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Peter Zeitlinger, Thinkfilm
McMurdo Station is the main community at the South Pole.

ENCOUNTERS AT THE END OF THE WORLD — *** 1/2 — Documentary feature about Antarctica research and wildlife; rated G (violence, mild vulgarity)

In "Encounters at the End of the World," eccentric German filmmaker Werner Herzog keeps his promise not to make "another penguin movie."

Of course, that doesn't mean that his latest, a documentary feature about Antarctic life and research, is completely penguin-free. But when the critters do show up, they're not as cute and fuzzy as, say, the ones in the Oscar-winning "March of the Penguins."

(As usual, Herzog's animal subjects here appear to be much, much more cranky and unfriendly. Sort of like the filmmaker himself.)

And as for the rest of the movie, it's very much in keeping with the tone and spirit of his previous nonfiction films, including the hotly debated 2005 documentary "Grizzly Man."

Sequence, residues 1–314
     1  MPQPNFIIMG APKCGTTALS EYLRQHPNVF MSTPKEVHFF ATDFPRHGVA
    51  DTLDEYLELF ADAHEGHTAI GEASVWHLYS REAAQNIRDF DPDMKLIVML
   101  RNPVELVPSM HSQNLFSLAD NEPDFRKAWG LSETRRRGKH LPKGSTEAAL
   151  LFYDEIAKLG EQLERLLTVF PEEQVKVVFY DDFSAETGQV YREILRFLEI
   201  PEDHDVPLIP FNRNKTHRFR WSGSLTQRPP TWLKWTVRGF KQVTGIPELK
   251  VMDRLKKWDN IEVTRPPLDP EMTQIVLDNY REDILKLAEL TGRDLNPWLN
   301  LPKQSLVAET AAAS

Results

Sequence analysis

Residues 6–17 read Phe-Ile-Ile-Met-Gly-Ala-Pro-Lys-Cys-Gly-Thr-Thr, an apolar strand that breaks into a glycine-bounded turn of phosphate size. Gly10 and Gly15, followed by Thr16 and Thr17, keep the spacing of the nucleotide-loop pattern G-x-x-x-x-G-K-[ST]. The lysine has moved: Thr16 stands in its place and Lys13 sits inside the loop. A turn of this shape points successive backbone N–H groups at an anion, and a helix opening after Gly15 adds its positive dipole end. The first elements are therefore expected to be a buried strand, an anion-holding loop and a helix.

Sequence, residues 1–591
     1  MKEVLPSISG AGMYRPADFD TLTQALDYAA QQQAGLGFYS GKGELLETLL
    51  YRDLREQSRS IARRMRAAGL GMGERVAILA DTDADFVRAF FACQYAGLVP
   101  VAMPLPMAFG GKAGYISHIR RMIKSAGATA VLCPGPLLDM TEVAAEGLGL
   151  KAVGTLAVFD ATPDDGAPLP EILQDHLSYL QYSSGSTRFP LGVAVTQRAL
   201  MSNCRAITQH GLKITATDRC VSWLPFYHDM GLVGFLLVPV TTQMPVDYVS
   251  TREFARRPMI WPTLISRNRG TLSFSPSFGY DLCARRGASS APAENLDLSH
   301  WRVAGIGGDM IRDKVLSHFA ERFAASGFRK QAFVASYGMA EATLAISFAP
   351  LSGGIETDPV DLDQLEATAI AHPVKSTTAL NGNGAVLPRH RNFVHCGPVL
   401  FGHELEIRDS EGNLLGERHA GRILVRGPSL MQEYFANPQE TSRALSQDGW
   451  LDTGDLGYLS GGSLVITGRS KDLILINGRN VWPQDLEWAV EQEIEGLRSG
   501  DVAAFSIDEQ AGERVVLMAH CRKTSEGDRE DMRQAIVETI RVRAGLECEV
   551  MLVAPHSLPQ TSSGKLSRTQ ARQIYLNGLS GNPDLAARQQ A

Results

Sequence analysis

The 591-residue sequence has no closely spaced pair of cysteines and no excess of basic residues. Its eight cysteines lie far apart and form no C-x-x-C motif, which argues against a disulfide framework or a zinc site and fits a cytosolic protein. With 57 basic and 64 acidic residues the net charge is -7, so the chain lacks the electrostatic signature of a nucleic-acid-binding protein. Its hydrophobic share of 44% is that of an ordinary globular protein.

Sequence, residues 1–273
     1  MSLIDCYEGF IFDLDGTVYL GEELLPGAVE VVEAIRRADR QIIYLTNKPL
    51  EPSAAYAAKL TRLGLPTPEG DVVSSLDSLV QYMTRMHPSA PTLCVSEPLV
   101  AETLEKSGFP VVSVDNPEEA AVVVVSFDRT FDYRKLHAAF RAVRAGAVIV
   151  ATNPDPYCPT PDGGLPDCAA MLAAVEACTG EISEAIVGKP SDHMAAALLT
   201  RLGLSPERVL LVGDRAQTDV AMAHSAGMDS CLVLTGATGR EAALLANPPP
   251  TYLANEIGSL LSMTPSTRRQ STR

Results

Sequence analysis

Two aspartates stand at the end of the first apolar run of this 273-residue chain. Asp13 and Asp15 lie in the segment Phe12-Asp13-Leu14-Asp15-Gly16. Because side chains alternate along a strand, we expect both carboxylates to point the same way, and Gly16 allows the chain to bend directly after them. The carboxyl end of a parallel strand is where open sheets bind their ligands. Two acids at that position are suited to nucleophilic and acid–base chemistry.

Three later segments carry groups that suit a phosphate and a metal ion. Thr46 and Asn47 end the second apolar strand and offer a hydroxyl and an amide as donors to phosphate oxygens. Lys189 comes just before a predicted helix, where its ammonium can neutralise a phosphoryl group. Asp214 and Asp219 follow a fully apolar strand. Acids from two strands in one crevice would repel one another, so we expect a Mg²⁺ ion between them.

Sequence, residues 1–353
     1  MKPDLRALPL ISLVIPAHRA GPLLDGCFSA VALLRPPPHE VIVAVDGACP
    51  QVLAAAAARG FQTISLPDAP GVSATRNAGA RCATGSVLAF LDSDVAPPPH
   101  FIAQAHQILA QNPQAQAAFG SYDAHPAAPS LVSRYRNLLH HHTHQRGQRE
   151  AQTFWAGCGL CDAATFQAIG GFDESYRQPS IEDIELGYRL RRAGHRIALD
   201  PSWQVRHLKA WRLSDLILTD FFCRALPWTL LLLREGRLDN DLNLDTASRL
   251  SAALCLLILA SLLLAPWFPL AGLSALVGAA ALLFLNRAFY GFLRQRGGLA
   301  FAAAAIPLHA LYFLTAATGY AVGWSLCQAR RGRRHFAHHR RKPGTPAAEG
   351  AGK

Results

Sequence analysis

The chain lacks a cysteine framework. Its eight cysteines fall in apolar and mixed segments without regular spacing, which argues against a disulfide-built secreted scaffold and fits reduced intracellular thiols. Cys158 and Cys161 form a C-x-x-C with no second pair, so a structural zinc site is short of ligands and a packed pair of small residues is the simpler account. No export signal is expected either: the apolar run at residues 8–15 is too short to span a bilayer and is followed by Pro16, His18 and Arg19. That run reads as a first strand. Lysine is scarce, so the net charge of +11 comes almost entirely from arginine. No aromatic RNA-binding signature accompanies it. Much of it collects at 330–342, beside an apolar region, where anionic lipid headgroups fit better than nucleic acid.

"Encounters" is peculiar but is also very fascinating, especially seeing how it broaches deep subjects — such as man's relationship with nature. The movie takes Herzog to various locations in the South Pole, including its main community, McMurdo Research Station.

There he finds several scientists and researchers to talk to, as well as a contortionist, a world traveler, a dead-language specialist and a surprisingly philosophical equipment operator.

But not all of his focus is on humans. Again, there's an odd penguin segment, and other sequences take Herzog and cinematographer Peter Zeitlinger to underwater caverns that almost look like extraterrestrial landscapes.

At times Herzog does get a little carried away with all the discussions of possible penguin insanity and similar, terrible animal behavior. And his disdain for modern-day amenities like aerobics studios and bowling alleys becomes painfully clear by the time he delivers his umpteenth diatribe about such things.

However, there's much more good here than there is bad. The underwater sequences are breathtaking and ethereal. (They're accompanied by a subdued but appropriate soundtrack that features Tibetan chanting alongside original compositions from avant-garde musicians Henry Kaiser and David Lindley.)

"Encounters at the End of the World" is rated G, but does feature some brief scenes of animal violence, as well as some mildly suggestive references. Running time: 95 minutes.

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